Harness racers hit the track during the Cumberland Fair in this undated photo. A new initiative is bringing commercial racing to the fairgrounds this year at least, with plans to expand to a permanent home in an undisclosed location in Southern Maine. Contributed / Stephen D. Thompson

CUMBERLAND — Harness horse owners can look to greener pastures, thanks to a new, local initiative and plans to expand racing permanently into Southern Maine.

Michael Cianchette, who grew up in Cumberland, said he has been thinking about starting a harness racing company for years. Inspired by his late great-uncle’s love of the sport, he plans to begin racing at Cumberland Fairgrounds in May, with a racing schedule running through June, July, November and December.

Cianchette has leased the grounds and worked out a 56-day racing schedule this year with the state racing commission and only needs to get approval from the town council. Town Manager Bill Shane said the issue is likely to come before the council this month, or early April at the latest.

According to the Cumberland County Fair website, the harness racing program at the fairgrounds has been ongoing since 1868.

Cianchette said he accelerated his plans once Scarborough Downs ended its last season in November 2020. Henry Jennings, the state commission’s executive director, said Scarborough’s closure was not a surprise — the industry knew it would be happening for “quite some time,” but that didn’t make it any easier for racers to swallow.

Without that track, Jennings said, opportunities for racers to compete were lost. That matters, he said, because it’s expensive to own, train and stable a racehorse.


“We need another track in southern Maine to keep the industry alive,” Jennings said.

Randy Bickmore, who lives in Scarborough and stables 14 horses in Newfield, welcomed Cianchette’s new initiative.

“It sounds great,” he said. “It’s pretty exciting.”

Bickmore said racing at Scarborough Downs was once an ideal situation for him. Ever since the track closed its horse barns in 2016, however, he said he and other racers began questioning the stability of the business. Eventually, he said, he and others began driving to Plainridge Park Casino in Plainville, Massachusetts, lured by a steady venue and higher purses.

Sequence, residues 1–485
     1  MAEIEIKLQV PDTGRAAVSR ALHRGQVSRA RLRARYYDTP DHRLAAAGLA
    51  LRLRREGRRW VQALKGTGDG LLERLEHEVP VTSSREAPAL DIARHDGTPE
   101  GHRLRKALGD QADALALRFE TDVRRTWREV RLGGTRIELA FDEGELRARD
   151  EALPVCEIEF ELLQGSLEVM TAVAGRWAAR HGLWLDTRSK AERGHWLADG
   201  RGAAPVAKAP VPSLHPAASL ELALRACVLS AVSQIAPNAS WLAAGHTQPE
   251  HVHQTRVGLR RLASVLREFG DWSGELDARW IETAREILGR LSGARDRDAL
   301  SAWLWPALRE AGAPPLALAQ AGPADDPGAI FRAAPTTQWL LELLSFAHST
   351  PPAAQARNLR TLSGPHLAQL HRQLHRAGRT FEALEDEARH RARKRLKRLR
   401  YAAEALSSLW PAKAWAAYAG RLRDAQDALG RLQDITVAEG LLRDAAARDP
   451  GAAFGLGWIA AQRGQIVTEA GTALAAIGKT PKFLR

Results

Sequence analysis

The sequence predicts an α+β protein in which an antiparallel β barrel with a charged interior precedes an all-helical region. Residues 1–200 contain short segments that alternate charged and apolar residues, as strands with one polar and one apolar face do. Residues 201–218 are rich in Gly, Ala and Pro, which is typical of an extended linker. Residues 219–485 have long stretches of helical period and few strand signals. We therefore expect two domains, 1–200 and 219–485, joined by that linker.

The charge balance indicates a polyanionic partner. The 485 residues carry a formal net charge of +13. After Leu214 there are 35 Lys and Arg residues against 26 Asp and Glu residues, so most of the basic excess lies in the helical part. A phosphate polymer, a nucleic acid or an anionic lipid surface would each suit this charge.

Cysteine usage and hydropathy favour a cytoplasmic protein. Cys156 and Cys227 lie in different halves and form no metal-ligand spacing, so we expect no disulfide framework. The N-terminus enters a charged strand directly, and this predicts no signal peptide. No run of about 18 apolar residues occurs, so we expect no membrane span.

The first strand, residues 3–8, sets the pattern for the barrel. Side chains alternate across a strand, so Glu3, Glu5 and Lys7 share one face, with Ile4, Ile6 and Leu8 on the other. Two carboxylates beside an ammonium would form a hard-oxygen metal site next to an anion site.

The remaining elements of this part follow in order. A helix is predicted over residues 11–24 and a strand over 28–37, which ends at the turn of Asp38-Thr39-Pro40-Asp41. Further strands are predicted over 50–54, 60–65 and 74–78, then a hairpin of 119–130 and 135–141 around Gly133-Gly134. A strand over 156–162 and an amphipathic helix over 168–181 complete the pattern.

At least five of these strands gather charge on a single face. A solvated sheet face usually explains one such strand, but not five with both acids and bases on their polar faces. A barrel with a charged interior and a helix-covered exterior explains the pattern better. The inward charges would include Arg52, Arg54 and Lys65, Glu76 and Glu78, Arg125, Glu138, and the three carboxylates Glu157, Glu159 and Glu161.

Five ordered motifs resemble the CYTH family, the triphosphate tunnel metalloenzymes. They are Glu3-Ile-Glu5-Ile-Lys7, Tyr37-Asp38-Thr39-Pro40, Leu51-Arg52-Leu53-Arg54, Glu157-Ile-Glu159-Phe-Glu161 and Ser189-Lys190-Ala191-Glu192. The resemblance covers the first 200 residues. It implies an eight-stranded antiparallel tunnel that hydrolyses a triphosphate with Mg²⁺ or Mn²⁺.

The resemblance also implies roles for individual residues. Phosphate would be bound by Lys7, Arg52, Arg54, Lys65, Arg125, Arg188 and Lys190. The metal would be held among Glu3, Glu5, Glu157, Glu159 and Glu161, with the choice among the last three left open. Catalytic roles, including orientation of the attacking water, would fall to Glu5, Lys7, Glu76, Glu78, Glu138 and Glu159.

Now, Bickmore said, Cianchette’s company is giving him confidence in Maine-based racing again.

“I definitely will race in Maine more than I have in the past few years,” he said.


Cianchette said he is also planning to lease or buy a more permanent home for his racing company somewhere in Southern Maine. He declined to say where he is looking, but said he hopes to fill the void left by Scarborough Downs.

The Cumberland Farmers Club owns the fairgrounds, and its interim president, Lyle Merrifield, said early conversations with Cianchette began about two years ago. In light of the pandemic, which forced the club to cancel last year’s Cumberland Fair, Merrifield said starting regular racing on the grounds made sense.

“It appeared to be a good financial move for our farmers club.” he said.

Merrifield said Cianchette has leased the fairgrounds’ grandstands, horse barn and racetrack, but Merrifield declined to disclose for how much. Merrifield said other groups lease parts of the fairgrounds throughout the year, but this move, encompassing nearly one-third of the property, is the largest single lease he can recall.

He said it took a lot to negotiate, including getting permission from the racing commission, making sure the agreement wouldn’t clash with other leases, and ensuring there were enough race days on the calendar.

“There were a lot of variables that had to come together to make it work,” Merrifield said.


The track at Cumberland Fairgrounds lit up at night in this undated photo. Daytime racing at the track is expected to begin in May, and run throughout the year. Courtesy / Stephen D. Thompson

Cianchette said his racing company, First Tracks Investments, is a subsidiary of his family business, ELC Inc. The parent company, founded in 1981, owns a number of recognizable properties, ranging from the Portland Regency Hotel in Portland to Casco Bay Ford in Yarmouth to Pine Ridge Acres farm in Cumberland.

Cianchette said he plans to offer racing on a similar size and scope to what visitors see every year at the Cumberland Fair and other agricultural fairs statewide.

He said he deliberately set up his racing calendar so as not to conflict with other fair racing days, or with the schedule set by Hollywood Casino Raceway in Bangor, the only other commercial raceway in the state.

“None of the horsemen have to choose which track they go to on any given day,” he said.

Race days are defined as how many days in a single year competitions are held in the state. Jennings said about five years ago, there were as many as 200 in a calendar year. In 2019, there were only about 170, and this year, he said, the commission is hoping to see about 150.

Even that, he said, is optimistic, given that 53 of those days are scheduled during the state’s eight agricultural fairs, which could be canceled again by the pandemic this year.


“We really don’t know what’s going to happen with whether those fairs are going to run,” he said.

So Jennings said the state welcomed Cianchette’s new initiative, which accounts for 56 of those 150 days.

“It’s huge to have the presence in southern Maine, and it’s huge to have that critical mass,” he said.

Cianchette said he’s not just thinking locally. He has partnered with Black Bear Racing LLC, a company that does similar harness racing business in California under the name Golden Bear Racing, to help set up TV simulcasting.

“The harness industry, we think it can be strong and viable and do great things for the state of Maine,” he said.

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